FIGS. 10A-C thus illustrate how normal read record service procedures can be expanded to improve performance for the reading of sequential records from a data set. The index nodes are accessed only when all the designated records in the current leaf node have been processed, and then the only access is directly to the next leaf node. As an example of the performance improvement possible, if a two-level data set index is assumed (root node and leaf nodes), one input operation from the DASD 22 may be eliminated for every record read when selecting the multiple-records processing option. For the case of a single-level data set (only root/leaf node), assuming the Open data set for access procedures illustrated by FIGS. 9A and 9B, the performance of single-record reads as compared with multiple-record processing is the same (when using input/output operations as the measurement of performance). On a three-level data set, however, where there are leaf nodes, intermediate nodes, and a root node (as shown in the example of FIG. 6), up to two input/output operations may be eliminated for each record read. An example of a three-level data set could be a data set containing display character images for allowing the display of a Japanese Kanji character set of several thousand different characters. In this example, performance of read operations directly influence the performance of system 10, since the character font records are required to display the text entered by the operator via keyboard 12 into text storage buffer 28 on the display 20.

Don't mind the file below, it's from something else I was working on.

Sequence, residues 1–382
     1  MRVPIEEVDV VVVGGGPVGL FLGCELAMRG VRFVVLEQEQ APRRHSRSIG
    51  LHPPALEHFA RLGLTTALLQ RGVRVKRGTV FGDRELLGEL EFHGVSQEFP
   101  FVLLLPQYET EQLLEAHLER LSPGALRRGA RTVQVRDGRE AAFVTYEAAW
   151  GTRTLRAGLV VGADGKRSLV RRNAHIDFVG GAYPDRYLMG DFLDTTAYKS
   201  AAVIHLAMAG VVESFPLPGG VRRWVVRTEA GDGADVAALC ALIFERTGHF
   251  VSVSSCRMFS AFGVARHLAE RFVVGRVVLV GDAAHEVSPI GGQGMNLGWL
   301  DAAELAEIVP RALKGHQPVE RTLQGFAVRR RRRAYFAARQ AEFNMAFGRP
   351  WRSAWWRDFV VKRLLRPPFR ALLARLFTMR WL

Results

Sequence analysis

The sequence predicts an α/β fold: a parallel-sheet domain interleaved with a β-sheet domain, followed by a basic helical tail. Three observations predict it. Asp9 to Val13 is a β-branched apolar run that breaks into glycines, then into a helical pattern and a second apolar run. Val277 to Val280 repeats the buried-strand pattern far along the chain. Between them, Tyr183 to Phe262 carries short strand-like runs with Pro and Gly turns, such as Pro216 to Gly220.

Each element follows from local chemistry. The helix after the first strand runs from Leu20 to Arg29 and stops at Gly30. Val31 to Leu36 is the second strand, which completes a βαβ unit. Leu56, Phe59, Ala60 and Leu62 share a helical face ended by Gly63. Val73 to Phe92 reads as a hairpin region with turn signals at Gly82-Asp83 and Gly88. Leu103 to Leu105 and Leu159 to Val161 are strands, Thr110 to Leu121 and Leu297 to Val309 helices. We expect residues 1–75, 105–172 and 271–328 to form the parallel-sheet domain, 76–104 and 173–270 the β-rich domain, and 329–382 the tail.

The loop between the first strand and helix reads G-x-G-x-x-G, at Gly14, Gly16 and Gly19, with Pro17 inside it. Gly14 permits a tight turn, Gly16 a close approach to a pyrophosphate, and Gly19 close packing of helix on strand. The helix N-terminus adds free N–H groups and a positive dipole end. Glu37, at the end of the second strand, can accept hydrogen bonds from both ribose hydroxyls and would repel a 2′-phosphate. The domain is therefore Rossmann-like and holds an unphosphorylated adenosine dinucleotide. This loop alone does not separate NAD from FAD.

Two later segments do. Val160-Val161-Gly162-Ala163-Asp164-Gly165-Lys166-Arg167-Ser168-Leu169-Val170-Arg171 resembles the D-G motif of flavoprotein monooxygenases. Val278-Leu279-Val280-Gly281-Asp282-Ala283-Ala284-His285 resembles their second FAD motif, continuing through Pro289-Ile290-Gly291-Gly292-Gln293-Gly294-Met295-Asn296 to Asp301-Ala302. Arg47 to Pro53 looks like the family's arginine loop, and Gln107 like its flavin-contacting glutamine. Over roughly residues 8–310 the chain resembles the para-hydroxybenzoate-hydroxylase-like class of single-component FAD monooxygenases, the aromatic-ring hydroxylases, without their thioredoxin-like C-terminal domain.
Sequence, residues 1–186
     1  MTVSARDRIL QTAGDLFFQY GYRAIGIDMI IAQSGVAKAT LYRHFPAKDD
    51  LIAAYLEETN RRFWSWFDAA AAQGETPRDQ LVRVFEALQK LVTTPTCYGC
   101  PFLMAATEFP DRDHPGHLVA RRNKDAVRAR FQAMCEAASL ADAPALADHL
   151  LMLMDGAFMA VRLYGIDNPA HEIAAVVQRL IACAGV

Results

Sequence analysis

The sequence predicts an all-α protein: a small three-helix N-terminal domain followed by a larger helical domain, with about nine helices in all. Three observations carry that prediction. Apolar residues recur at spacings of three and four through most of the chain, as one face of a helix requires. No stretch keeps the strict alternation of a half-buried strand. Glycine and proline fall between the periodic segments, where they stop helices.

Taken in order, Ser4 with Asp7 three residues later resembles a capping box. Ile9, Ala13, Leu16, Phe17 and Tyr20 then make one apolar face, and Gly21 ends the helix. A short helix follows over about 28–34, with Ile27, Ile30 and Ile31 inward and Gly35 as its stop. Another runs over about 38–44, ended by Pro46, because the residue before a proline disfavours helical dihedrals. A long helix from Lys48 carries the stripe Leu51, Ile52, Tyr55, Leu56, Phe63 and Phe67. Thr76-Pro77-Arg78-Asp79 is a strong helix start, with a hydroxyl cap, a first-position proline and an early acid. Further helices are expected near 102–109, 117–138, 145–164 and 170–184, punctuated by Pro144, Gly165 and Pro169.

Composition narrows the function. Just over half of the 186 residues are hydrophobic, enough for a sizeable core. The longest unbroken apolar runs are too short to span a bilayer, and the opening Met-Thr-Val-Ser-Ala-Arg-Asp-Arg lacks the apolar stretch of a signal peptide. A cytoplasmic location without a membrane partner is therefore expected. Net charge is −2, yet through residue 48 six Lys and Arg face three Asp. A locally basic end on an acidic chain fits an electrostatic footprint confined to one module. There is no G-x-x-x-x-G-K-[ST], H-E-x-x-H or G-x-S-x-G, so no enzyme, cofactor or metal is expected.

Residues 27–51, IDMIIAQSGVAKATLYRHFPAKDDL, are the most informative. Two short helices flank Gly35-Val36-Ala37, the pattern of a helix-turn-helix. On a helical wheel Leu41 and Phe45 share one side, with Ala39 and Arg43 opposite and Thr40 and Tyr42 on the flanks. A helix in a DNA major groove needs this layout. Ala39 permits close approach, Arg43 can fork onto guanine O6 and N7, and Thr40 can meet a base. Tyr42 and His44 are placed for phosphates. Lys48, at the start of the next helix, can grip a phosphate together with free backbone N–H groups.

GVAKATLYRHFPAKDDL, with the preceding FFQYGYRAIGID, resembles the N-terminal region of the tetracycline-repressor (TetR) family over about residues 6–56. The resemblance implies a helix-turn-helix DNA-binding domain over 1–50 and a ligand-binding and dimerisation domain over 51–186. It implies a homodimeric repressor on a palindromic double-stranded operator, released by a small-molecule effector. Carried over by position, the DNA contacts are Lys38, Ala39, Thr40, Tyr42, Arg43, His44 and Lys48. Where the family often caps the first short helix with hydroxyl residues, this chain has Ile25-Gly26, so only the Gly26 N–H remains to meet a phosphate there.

As the above examples illustrate, the procedures illustrated in FIGS. 9A-9C achieve no performance gains for very small data sets, where performance of sequential operations such as duplicate data set tend to be less of a performance problem, but achieve significant performance gains for large data sets where the performance improvements are needed most. The cost of the gain is greatly expanded interface buffer space requirements in memory 26. In the word processing system 10, however, in situations where multiple-record processing may improve performance, the available space in memory 26 will normally support the additional buffer requirements easily.